Since groundbreaking work in the early 1970s drew attention to the battered child syndrome, research designed to quantify the long-term consequences of child maltreatment has grown.80 Here we summarise the evidence for associations between different types of maltreatment and outcomes related to education, mental health, physical health, and violence or criminal behaviour. Findings from cohort studies that prospectively ascertained whether children were maltreated or not, and which followed up these children over time to identify later outcomes, are contrasted with more diverse work of cohort and cross-sectional studies that measure maltreatment retrospectively, usually on the basis of self-reporting in adolescence or adulthood. Since we are interested in the consequences of child maltreatment, we want to assess causality. Thus, the strengths of prospective studies include the temporal ordering of maltreatment and subsequent outcomes, objective measurement of maltreatment, avoidance of recall bias, minimisation of selective inclusion of participants on the basis of the outcome, and the opportunity to adjust for social and individual confounding factors as they occur.
All these factors are weaknesses of studies using retrospective measurement of maltreatment, especially since the temporal ordering of maltreatment and outcomes cannot be reliably established. Recall bias is also a concern, with ambiguity about whether consequences are due to the actual abuse experience, aftermath of the abuse experience, or a person's cognitive appraisal of the experience. However, studies that use only official cases of child maltreatment might detect only the few maltreated children who come to professional attention, who might differ in some ways from other maltreated children and whose outcomes could also be different. The problem of representativeness, which can distort the prevalence and effect size, is reduced for population-based longitudinal cohort studies. The validity of various methods of assessing and studying maltreatment is a source of ongoing debate.81, 82 Our analysis endeavours to draw on the strengths of prospective and retrospective studies and, when available, on findings from systematic reviews (table 2).
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Table 2Table imageOpens in a new browser window
Summary of review findings on consequences of child maltreatment—evidence for an association in prospective and retrospective studies
Education and employment
Child maltreatment is associated with long-term deficits in educational achievement. Prospective longitudinal studies have consistently shown that maltreated children have lower educational achievement than do their peers, and are more likely to receive special education83—86 (Jonson-Reid and colleagues83 found that 24% of maltreated children received special education at a mean age of 8 years, compared with 14% of children with no maltreatment record). The differences are substantial—eg, only 42% of the maltreated children completed high school compared with two-thirds of community-matched controls.85 Another prospective study showed that decreases in school attendance and school performance were related to the timing of maltreatment, and were cumulative.87 Most of these associations persisted after adjustment for family and social characteristics (eg, ethnic origin, age, sex, and socioeconomic status), as seen in some but not all studies. A longitudinal population-based cohort study in New Zealand,86 with retrospective ascertainment of child maltreatment, confirmed these reduced levels of educational achievement in adults who had been physically or sexually abused (eg, 6—10% of abused children attained a university degree compared with 28% of those not abused) but such differences were largely explained by social, parental, and individual characteristics. Exposure of children to intimate-partner violence also seems to be linked to low educational achievement, but the extent to which this factor is independent of other forms of child maltreatment is unclear.88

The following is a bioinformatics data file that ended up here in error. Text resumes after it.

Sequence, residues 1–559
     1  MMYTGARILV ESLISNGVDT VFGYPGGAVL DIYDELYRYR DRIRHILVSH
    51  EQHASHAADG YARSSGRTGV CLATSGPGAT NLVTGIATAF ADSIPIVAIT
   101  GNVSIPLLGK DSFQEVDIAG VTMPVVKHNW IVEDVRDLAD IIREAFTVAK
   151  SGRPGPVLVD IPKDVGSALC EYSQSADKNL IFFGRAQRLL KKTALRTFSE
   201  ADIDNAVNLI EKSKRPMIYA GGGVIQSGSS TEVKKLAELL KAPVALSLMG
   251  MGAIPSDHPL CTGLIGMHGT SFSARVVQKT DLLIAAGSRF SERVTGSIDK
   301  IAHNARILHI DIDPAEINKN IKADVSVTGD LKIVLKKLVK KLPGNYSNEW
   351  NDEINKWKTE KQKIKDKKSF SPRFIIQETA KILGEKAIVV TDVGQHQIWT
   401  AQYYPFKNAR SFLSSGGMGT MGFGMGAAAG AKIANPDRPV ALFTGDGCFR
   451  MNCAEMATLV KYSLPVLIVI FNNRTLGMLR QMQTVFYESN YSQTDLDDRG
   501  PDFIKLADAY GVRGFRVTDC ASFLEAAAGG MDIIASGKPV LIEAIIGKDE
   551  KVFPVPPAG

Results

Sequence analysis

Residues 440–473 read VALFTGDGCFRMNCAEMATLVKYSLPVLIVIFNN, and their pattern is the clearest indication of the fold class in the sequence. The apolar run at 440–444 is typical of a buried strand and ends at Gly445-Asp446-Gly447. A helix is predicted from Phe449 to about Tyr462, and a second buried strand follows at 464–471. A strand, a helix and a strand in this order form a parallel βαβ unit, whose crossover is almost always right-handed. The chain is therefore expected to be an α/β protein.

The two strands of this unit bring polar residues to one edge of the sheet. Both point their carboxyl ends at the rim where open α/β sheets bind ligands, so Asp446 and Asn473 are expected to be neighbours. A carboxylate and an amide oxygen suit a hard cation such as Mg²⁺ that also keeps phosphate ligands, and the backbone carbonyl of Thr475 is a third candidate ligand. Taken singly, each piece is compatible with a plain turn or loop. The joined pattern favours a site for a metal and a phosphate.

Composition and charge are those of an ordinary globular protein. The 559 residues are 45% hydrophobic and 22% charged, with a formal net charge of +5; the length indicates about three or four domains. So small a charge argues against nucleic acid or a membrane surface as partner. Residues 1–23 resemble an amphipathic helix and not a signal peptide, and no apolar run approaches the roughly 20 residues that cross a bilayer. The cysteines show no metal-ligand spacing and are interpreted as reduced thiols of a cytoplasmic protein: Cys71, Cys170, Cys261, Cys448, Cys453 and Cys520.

Although the risk of underachievement in education is clearly high in children who are maltreated, evidence for a causal link is mixed. Studies are needed from outside the USA to help quantify the extent of this burden in different educational settings.
Maltreatment has longlasting economic consequences for affected individuals.89 In a prospective study of court documented cases of childhood maltreatment and community-matched controls, significantly more of the abused and neglected individuals were in menial and semi-skilled occupations than were controls (62% vs 45%) at 29 years of age, and fewer had remained in employment during the past 5 years (41% vs 58%). Further research is needed to examine the effect of child maltreatment on economic productivity throughout life and in different settings
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Mental-health outcomes
Child maltreatment increases the risk of behaviour problems, including internalising (anxiety, depression) and externalising (aggression, acting out) behaviour.84,90—95
Children who witness intimate-partner violence are at increased risk of behaviour problems, but whether this factor is independent of other forms of maltreatment is contentious.88, 96, 97 Behaviour problems in childhood seem to be strongly determined by early timing of maltreatment, although whether early physical or psychological abuse, or neglect, is most damaging at this age is unclear.90, 98 Behaviour problems that arise later in adolescence might be related most strongly to maltreatment during adolescence.91 Consistent evidence suggests a cumulative effect of different types of maltreatment on later behaviour problems,91, 99 with one group concluding “there is no point beyond which services for children are hopeless…every risk factor we can reduce matters”.99